When I graduated high school in 1997 Algebra and basic Geometry were required for graduation, Trigonometry(sp?) was taught to the advanced classes, I didn't even need to learn calculus in college, and yet it is a few years away from becoming a grade school requirement. Computer science was an option, now it is becoming mandatory.
I think that we need to go back to teaching logical reasoning behind the basics, then we can allow the students of this country to think again, with that thinking an expansive learning is possible instead of the current machine like precision of spitting out answers and awaiting more commands. After logical reasoning, then we need to allow teachers to teach critical thinking, this can be done by challenging the students to solve complex or multi answer problems to form their own solutions, by doing this, we can create the kind of americans that would essentially be immune to dogma, propaganda, and could even create more entrepeneurs and better leaders. :2usflag:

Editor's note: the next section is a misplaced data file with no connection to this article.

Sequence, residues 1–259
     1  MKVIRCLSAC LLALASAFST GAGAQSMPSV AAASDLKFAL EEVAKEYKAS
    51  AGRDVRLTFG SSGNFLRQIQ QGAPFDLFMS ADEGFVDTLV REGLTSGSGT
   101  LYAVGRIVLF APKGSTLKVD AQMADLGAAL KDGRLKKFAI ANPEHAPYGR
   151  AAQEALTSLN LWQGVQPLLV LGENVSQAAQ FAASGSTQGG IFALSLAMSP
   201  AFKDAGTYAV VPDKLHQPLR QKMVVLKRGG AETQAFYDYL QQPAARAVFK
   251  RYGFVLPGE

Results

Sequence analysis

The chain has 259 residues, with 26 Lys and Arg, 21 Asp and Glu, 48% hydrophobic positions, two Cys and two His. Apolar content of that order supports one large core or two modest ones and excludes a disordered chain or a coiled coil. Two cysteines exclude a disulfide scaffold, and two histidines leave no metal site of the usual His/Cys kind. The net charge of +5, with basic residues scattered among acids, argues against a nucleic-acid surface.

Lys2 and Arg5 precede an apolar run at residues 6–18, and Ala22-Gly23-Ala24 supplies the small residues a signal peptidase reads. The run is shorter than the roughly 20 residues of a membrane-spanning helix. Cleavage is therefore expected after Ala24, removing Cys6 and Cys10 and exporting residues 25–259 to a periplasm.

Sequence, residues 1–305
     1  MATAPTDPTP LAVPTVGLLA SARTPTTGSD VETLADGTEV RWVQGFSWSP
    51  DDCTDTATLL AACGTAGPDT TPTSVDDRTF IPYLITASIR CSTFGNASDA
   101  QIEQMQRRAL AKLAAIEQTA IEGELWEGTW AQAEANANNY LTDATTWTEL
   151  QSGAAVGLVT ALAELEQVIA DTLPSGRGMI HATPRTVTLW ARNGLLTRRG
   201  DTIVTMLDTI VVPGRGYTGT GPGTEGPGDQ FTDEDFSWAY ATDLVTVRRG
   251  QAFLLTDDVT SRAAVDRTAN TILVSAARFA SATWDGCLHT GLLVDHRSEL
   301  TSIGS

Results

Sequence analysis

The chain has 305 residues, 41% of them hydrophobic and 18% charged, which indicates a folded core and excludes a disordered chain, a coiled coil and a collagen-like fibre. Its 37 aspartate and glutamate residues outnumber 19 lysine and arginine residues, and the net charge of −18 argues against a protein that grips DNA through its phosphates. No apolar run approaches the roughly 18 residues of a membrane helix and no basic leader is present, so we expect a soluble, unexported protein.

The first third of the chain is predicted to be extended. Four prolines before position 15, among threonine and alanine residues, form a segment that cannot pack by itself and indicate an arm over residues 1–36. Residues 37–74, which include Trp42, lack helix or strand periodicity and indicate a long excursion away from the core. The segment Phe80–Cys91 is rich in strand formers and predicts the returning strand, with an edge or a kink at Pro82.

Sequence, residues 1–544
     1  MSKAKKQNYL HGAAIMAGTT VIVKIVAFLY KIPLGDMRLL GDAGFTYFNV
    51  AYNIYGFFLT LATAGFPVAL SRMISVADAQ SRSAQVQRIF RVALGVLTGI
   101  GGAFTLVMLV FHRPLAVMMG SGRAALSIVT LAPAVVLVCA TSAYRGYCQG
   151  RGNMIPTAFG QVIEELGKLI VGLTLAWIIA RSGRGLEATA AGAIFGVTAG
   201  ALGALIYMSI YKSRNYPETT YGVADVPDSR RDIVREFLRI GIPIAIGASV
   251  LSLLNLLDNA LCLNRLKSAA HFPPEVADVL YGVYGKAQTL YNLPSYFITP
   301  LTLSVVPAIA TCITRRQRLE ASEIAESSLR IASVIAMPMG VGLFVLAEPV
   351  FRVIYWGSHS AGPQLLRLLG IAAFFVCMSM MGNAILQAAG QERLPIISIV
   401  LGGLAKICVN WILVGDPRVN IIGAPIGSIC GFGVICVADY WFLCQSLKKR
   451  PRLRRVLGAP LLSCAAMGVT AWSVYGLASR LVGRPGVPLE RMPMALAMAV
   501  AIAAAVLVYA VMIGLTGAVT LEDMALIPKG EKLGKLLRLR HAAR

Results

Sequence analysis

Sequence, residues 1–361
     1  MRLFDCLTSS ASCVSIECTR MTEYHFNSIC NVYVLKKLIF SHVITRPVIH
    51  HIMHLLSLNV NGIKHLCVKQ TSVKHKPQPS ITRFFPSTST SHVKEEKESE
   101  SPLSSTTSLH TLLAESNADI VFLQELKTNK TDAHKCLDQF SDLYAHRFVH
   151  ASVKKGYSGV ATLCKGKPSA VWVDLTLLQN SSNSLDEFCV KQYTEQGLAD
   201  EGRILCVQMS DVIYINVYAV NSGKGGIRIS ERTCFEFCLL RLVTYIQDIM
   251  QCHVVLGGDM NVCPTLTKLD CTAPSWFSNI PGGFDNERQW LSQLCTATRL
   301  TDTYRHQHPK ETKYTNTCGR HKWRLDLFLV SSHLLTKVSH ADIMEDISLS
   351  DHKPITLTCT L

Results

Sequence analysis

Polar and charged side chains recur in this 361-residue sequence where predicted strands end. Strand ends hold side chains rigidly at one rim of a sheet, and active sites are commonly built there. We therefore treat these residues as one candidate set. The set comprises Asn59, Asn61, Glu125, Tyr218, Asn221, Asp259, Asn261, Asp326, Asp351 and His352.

Great post...I would also add that between 1986 (which is when I graduated) & 1997 our education system changed dramatically including required courses & credits for graduation. Our system does need the ability to change with the passage of time. Not to say that our education should change with the times in the manner of pop culture or whatever seems to be the educational flavor of the month...but real & positive changes that keep our system improving. I think one of the reasons you see these changes as possibly extreme is that we've tried to stall our education growth...now we see other countries (Japan is a major source of this...I believe) doing things in a much more regimented way & pushing all their children to learn above what the norm has been in the past. It's as though we're trying to play catch-up with our education. Remember that folks from all over the world come to our country to attend our universities & colleges. Why do you suppose that is? My guess is because it's based on competition, performance, privilege, & generally our government stays out of it. We allow the professionals to do the job they were trained for & were hired to do. Our public school system has become a dependent welfare recipient. Every year there is more dependency on our government to fund our schools. It wasn't always this way. The book "How I Accidentally Joined the Vast Right-Wing Conspiracy & found inner peace" by Harry Stein has a section (I say section because it's not numbered like traditional chapters are) dedicated to public education & the history of it. He shows how it used to be a privilege to attend public high school. An entrance exam was given to prove your worthiness to attend. I have watched my mother go from loving her job to hating the bureaucracy of our government involvement (by the way...she's been a teacher for 25 years).